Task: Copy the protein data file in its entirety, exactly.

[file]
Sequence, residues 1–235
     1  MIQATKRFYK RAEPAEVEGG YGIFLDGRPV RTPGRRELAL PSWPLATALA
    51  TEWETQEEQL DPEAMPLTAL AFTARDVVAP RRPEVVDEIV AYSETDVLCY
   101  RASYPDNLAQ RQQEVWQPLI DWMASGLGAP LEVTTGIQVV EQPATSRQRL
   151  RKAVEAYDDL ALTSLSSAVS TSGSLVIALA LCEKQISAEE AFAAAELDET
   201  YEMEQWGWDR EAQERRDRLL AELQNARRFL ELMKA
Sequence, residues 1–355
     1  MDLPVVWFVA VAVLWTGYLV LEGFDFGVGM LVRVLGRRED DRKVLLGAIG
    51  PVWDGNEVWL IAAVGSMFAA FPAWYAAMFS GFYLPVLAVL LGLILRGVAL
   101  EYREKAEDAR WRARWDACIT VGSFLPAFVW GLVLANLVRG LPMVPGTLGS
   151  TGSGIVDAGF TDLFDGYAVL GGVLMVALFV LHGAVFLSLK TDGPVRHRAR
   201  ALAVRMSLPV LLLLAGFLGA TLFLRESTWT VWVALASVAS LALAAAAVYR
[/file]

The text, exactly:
Sequence, residues 1–235
     1  MIQATKRFYK RAEPAEVEGG YGIFLDGRPV RTPGRRELAL PSWPLATALA
    51  TEWETQEEQL DPEAMPLTAL AFTARDVVAP RRPEVVDEIV AYSETDVLCY
   101  RASYPDNLAQ RQQEVWQPLI DWMASGLGAP LEVTTGIQVV EQPATSRQRL
   151  RKAVEAYDDL ALTSLSSAVS TSGSLVIALA LCEKQISAEE AFAAAELDET
   201  YEMEQWGWDR EAQERRDRLL AELQNARRFL ELMKA
Sequence, residues 1–355
     1  MDLPVVWFVA VAVLWTGYLV LEGFDFGVGM LVRVLGRRED DRKVLLGAIG
    51  PVWDGNEVWL IAAVGSMFAA FPAWYAAMFS GFYLPVLAVL LGLILRGVAL
   101  EYREKAEDAR WRARWDACIT VGSFLPAFVW GLVLANLVRG LPMVPGTLGS
   151  TGSGIVDAGF TDLFDGYAVL GGVLMVALFV LHGAVFLSLK TDGPVRHRAR
   201  ALAVRMSLPV LLLLAGFLGA TLFLRESTWT VWVALASVAS LALAAAAVYR